The higher burden of self-reported symptoms in the non-hospitalized individuals might be due to their different points of view. The non-hospitalized individuals perceived themselves as healthy before and during the infection and now suffer from symptoms. In contrast, the hospitalized patients potentially experienced symptom relief at the time of the study visit, e.g., they were able to breathe independently and live back home again with their families. Additionally, they received close supervision, intensive monitoring and rehabilitation during their hospitalization period. Therefore, the point of view of hospitalized patients might be more positive, while the point of view of non-hospitalized patients might be more negative. This assumption is in line with previous reports [33].

4.2. Individuals with Eminently Severe Post-COVID-19 Conditions

Severely affected non-hospitalized participants with symptoms equally severe to those in our particular group of patients have rarely been described so far. Usually, reported symptom prevalences are substantially lower, like in a German population-based study (fatigue, 37%; neurocognitive impairment, 31%; anxiety/depression, 21%) [34]. However, a few studies also reported higher symptom prevalences, similar to our results. For example, Sivan et al. (2021) [35] reported the severity of symptoms of 370 mainly non-hospitalized patients recruited in a dedicated community COVID-19 rehabilitation service. The burden of symptoms (at a median duration of 211 days after infection) was extraordinarily high, as 95% of the patients reported fatigue, 90% reported anxiety, 89% reported pain or discomfort, 85% reported breathlessness and 85% reported cognitive deficits. Tabacof et al. (2022) described the health state of 156 patients (89% initially not hospitalized) who were recruited at an interdisciplinary clinic for post-acute COVID-19 syndrome with a median of 351 days after the infection. A median fatigue score of 5.6 and problematic fatigue (score > 4) were observed in 78% of the patients (as indicated by the Fatigue Severity Scale as in our study). Although fatigue was comparable to our results, and other symptoms such as brain fog (67%), headache (60%) and sleep disturbances (59%) were frequently reported, the frequency of anxiety (19%) and depression (28%) were much lower, and the health-related quality of life was higher (median VAS 64) compared to our two groups of patients.
A reason for the extraordinarily high frequency of symptoms in our group of non-hospitalized patients might be that patients actively got in touch with the study team to participate in the therapy trial due to their high burden of symptoms. This special selection of participants allows for a detailed consideration of patients requiring intensive support and therapies, a group that can easily be overlooked in population studies.

4.3. Gender Inequality of the Post-COVID-19 Condition

In previous studies, it was repeatedly shown that women have a higher risk of developing post-COVID symptoms [5,36]. Fatigue, dyspnea, mental health issues and sleep disturbances were especially more frequently reported in women [5,36,37,38]. Accordingly, the health-related quality of life was found to be more reduced in women [37]. Our findings are partially in line with these reports. The burden of symptoms seems to be higher in our participating women, as their WHODAS-12 and health-related quality of life scores were significantly more reduced compared to those of the men. Additionally, fatigue and depression were more frequent in women. In contrast, anxiety and dyspnea were equally reported by the male and female participants. This could be either a result of an insufficient sample size or a result of a selection bias in the participants of the post-COVID therapy trial (as outlined in the limitation section). However, the high number of men affected by anxiety (68% of non-hospitalized persons, 42% of hospitalized persons) should be noted, as this indicates a great need for assistance and therapy—not only for women.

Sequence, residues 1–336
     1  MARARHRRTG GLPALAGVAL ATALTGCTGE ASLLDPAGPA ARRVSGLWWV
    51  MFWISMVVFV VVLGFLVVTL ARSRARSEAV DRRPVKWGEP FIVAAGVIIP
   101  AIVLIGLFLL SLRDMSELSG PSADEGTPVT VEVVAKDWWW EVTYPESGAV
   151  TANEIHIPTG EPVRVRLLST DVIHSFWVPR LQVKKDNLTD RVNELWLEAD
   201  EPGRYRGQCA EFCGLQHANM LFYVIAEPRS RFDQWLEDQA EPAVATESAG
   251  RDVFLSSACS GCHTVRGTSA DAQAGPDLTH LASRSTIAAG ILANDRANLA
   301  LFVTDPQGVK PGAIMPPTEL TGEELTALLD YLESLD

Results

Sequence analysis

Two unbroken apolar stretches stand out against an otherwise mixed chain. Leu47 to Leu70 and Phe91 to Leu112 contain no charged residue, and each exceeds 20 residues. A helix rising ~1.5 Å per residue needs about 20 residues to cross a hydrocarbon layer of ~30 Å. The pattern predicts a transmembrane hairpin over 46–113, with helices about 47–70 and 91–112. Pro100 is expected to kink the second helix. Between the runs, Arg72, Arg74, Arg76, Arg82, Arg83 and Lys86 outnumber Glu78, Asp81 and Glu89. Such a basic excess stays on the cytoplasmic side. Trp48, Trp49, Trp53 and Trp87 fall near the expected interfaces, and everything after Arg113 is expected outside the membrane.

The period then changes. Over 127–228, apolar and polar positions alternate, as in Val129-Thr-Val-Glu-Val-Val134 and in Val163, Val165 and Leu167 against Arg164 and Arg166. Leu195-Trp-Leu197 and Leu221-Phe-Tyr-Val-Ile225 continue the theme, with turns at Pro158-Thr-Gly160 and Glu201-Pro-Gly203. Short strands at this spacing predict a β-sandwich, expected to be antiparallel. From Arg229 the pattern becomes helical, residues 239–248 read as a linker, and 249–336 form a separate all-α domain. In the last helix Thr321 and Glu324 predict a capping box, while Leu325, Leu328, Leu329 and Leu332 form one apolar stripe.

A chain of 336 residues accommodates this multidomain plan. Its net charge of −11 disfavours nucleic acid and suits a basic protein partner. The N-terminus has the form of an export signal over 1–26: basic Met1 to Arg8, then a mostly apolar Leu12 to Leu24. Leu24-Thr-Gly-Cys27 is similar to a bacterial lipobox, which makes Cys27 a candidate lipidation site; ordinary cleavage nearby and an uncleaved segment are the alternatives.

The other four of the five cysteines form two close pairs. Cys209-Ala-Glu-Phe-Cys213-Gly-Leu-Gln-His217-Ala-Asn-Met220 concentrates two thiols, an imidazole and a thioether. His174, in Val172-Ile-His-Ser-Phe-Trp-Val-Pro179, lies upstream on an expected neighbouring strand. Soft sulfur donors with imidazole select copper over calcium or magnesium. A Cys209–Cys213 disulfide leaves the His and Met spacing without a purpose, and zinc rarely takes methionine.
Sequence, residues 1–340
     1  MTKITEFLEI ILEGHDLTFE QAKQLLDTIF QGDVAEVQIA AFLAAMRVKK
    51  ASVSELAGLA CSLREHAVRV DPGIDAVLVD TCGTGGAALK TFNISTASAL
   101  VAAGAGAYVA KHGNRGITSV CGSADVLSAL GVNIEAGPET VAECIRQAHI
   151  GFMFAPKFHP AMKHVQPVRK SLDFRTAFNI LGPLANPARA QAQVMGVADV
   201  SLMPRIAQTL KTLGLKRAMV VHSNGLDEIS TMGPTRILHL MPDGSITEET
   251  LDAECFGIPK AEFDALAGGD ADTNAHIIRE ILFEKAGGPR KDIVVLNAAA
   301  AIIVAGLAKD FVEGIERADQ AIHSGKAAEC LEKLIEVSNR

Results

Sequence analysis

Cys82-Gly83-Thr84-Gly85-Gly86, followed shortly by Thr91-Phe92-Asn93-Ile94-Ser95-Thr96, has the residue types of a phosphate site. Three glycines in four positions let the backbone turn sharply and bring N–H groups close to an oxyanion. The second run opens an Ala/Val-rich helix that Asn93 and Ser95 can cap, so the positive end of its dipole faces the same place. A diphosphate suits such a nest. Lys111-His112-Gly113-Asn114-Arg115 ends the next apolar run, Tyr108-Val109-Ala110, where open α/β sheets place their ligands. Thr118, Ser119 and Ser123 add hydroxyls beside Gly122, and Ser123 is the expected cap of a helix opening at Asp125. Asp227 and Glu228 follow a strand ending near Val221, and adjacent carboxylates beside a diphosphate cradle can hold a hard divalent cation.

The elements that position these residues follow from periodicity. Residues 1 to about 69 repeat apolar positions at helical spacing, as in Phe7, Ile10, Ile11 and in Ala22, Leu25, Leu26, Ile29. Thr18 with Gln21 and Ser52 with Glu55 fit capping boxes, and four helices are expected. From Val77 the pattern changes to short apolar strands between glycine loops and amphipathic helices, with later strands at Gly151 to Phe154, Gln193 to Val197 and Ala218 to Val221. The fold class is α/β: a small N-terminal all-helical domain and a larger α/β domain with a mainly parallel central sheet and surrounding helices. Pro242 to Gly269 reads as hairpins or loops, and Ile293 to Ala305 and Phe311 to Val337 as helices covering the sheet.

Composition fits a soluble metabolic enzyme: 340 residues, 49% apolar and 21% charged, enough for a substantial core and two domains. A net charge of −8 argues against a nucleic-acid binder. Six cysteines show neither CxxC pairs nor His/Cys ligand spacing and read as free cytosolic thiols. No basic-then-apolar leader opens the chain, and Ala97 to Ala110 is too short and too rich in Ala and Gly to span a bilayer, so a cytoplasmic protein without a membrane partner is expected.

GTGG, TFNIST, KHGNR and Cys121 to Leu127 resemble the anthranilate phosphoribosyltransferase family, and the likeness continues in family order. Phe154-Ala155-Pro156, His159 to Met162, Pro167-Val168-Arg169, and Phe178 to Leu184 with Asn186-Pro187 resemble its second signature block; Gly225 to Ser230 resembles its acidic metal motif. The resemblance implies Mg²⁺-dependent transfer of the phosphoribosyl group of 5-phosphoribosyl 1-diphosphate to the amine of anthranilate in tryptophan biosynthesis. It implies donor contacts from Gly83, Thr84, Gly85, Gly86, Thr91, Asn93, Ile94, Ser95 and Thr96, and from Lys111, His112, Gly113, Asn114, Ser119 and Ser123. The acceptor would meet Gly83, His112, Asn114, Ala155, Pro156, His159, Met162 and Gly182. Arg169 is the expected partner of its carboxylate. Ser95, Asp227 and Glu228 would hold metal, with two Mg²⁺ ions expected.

4.4. Rehabilitation Recommendations

The reported severity of symptoms, the high percentages of sick leave and reduced working capacities and the negative impact on social life highlight the importance of tailored rehabilitation services. As we confirmed that the manifestation and severity of symptoms can occur irrespective of the severity of the acute illness, the “prescription and provision of rehabilitation programs should be guided by persistent symptoms and functional limitations”, as it was stated by the WHO [39]. Individuals suffering mainly from fatigue and mental health issues (like our group of non-hospitalized patients) require approaches like education and skills training on energy conservation techniques and psychological support [39]. In contrast, patients suffering mainly from functional impairments (like our hospitalized patients) and breathing impairments may more likely benefit from education and skills training on self-management strategies for breathing techniques and physical exercise training [39]. However, these recommendations are based on a low certainty of evidence, and high-quality studies are urgently needed to provide beneficial therapy approaches for individuals suffering from long-term persisting symptoms after COVID-19 [40].

4.5. Limitations

There are a number of limitations to our approach. For the non-hospitalized group, only those persons were included who actively applied to take part in our outpatient rehabilitation study. This certainly causes a selection bias. For example, only those individuals with severe symptoms but enough mental confidence, those that were able to come to the clinic, had a sick note or had enough freedom regarding family commitments would apply to participate. Additionally, fatigue might be one of the severest symptoms with the highest impact on normal living. Therefore, it is not surprising that fatigue occurred so frequently in our group of non-hospitalized individuals who sought support. However, we did not intend to give a representative sample but rather aimed to compare two highly affected groups.